So we think about our website as a really key operational part of our business. Let’s think of it in retail terms. I’m a shop. I already have a shop, I have an inventory, and I sell. And I want a new location. So I go out, and I find a new location and I rent that shop. At that point, it’s an empty shell. It’s a set size. I then fit it out. So I paint it, furniture, everything, signage, the whole lot. I hook up utilities, power, water. I get those all connected. Security set up, alarms, safe, if I need it. Equipment that I might need, like, point-of-sale systems. I then stock the shelves with inventory, which is a critical part, because that’s what we’re selling. Staff, got to hire some staff. Train them up. Share staff between my stores, if it’s local or otherwise new staff.
All of this is really, really necessary. And then I’ve got to get people in there. So the next part of it is I’ve got to promote it, advertise it, and run campaigns, to get people in the store. They come in, they buy. We recycle the inventory, get new stuff through. We change it up. We modify it based on the demographics, and people coming through the store. So that, we really understand, and that’s fine.
The website though, for the retail store is no different. The rent for our website is our hosting, and our content management tools, and things we’ll end up using, so any software or things that we require. And if they’re open-source, we’ve still got to upgrade them, this costs. Make sure they’re up to date, and plug-ins are updated. And even though they might be a lot smaller, the costs are there.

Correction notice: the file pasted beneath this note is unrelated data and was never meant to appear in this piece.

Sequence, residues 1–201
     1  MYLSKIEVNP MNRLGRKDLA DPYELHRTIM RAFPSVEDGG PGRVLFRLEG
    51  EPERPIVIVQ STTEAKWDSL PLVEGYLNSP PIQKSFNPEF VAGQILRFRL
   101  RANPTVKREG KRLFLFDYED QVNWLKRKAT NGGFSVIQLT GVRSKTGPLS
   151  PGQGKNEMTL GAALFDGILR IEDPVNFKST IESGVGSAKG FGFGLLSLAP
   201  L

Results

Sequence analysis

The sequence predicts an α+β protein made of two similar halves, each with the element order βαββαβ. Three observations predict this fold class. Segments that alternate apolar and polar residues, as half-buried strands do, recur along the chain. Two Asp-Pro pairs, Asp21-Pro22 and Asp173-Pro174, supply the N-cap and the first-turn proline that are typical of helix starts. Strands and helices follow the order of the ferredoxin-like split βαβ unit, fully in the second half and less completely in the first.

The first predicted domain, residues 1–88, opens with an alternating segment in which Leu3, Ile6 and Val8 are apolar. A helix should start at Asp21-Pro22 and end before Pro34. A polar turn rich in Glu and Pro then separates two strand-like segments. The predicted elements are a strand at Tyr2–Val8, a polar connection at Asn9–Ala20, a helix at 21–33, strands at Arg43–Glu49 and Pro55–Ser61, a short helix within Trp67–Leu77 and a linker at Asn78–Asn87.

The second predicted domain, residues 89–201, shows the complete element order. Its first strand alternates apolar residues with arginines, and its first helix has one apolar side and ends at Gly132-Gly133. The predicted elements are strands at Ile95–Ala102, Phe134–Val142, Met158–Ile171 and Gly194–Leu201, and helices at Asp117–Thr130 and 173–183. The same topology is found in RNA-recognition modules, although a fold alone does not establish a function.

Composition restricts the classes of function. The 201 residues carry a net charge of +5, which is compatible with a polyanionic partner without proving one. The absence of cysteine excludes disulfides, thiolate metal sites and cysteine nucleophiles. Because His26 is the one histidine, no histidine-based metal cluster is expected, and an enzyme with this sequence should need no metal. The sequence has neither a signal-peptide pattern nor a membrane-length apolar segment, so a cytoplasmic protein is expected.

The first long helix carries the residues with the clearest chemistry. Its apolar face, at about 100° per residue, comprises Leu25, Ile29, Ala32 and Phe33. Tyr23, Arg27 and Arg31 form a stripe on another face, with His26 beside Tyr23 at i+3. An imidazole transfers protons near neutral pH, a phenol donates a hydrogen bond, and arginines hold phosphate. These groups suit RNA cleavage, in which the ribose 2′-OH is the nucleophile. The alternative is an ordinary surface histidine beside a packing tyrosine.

And if you’re using proprietary systems, you might be using tracking software, and stuff like that on your website, those things have license fees, and rentals. And so they’re a part of your store’s rentals. Your fit out costs correlate directly to the build and construct phase. So the build and construct phase is building the website, designing, getting that all done.
Inventory: massive part of your online store. And it’s not actually just the product. To me, your content on your website is your inventory. And even more so, if you’re a services business, where you don’t actually have a widget per se to sell. Your story comes from your content. So your text, your images, your video, your audio, that is your inventory of your website online. Think about that for a moment, how much attention do you give your online inventory versus your offline inventory?
Utilities, you’ve got to have utilities. You’ve got to have security. And then we’ve got all these things online. Then we’ve got to run these promotional campaigns. We’ve got to do advertising, to bring people through our online store. And then we cycle it through. We change the inventory. We add new stuff, we remove stuff. We do specials. We do all these things.